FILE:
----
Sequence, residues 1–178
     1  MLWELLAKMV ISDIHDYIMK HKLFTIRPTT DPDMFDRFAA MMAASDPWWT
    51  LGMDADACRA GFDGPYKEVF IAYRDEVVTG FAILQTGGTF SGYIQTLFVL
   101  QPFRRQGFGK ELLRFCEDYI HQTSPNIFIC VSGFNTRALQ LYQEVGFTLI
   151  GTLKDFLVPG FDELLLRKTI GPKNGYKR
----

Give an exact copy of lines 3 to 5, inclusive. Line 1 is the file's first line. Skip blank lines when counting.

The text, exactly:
    51  LGMDADACRA GFDGPYKEVF IAYRDEVVTG FAILQTGGTF SGYIQTLFVL
   101  QPFRRQGFGK ELLRFCEDYI HQTSPNIFIC VSGFNTRALQ LYQEVGFTLI
   151  GTLKDFLVPG FDELLLRKTI GPKNGYKR